The SSA overpaid.
      The Govonor worked out surprisingly well, for the price.
      Free stuff rarely comes at no cost.

  1. One thing that I think is ridiculous is that ever ferry the steamship has is capable of accomodating full sized tractor trailer trucks. This obviously makes the ferries taller, less seaworthy and more expensive.
    Perhaps the next ferry should be built to accommodate passenger cars and light trucks only, with a maximum height of say 8 or 9 feet. And of course, electrically powered.
    Let the large trucks take the open air freight boats.

    • Don, the article states that , Governor aside, the other 3 are “fast approaching their usefulness”, along with the Nantucket. Katama, Sankaty and Gay Head are critical for moving freight, but also accommodate a significant portion of people and their cars. The vessels of the smaller part of the fleet are important for more than just the tractor trailers. Ever been in standby and grateful to board one?

      • William- I’m not sure what you are objecting to about my comment.
        I am not suggesting that freight trucks and freight trucks only go on the freight boats. My comment , if I may clarify is that if the steamship is going to purchase a new ferry, it could be a smaller — and by that I mean not as tall–passenger car only ferry.
        I am in no way suggesting that cars shouldn’t be allowed on the freight boats.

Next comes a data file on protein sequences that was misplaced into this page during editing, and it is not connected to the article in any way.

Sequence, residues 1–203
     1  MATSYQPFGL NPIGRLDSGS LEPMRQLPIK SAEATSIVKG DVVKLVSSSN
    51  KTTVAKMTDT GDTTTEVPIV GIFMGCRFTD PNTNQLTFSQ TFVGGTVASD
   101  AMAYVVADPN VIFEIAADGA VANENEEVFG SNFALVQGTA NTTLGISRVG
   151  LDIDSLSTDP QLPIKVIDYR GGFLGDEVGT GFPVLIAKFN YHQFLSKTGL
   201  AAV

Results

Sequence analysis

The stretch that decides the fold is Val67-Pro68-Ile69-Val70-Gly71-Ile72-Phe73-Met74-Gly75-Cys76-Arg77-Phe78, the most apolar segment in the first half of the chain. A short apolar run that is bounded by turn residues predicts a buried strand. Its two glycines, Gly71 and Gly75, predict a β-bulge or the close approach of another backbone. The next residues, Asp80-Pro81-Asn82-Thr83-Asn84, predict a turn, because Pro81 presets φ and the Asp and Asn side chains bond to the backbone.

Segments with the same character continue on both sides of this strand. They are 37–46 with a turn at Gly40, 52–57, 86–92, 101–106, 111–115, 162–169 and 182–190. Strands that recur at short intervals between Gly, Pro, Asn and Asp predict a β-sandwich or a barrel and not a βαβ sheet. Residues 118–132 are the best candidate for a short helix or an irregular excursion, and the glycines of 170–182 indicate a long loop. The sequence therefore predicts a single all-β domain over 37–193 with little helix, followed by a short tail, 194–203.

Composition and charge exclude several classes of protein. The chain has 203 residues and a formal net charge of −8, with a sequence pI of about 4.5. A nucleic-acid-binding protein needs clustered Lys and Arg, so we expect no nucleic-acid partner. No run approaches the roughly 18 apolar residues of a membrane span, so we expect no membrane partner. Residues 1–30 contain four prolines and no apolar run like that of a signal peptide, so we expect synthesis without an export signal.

2. It’s not incredible at all that the MV Governor has lasted 68 years and counting, with far fewer problems than the brand new MV Martha’s Vineyard. They just don’t make them like they used to!

  3. I recently commented on this story but you refused to post my comment, saying that I had made similar comment about the article earlier. How is that possible when I read the article for the first time today. My comment was not particularly positive to the SSA. Is that why you chose not to publish my comment? Is that balanced journalism? I think not!

    • On balance MVT did not think your comment worthy of publication.
      Do you see MVT comments that you think are unworthy of publication?
      The way to make certain you are always published is to own a newspaper.

  4. It would be nice if the Steamship Authority put the needs of the passengers first. We need safe, efficient, and clean vessels. We pay for the use of such and to be transported to the island.

    The Steamship Authority needs ivory towers.

    Maybe there can be some middle ground. A few less Monoliths for you and a few more vessels for the customers.

  5. NEW ALTERNATIVE FERRY Don’t Overlook Hydrogen



    *note google chrome will translate .

    We are looking forward to the ever-changing environment. We should bear in mind the operational costs of maintenance versus forecasting the new alternative options to ferry.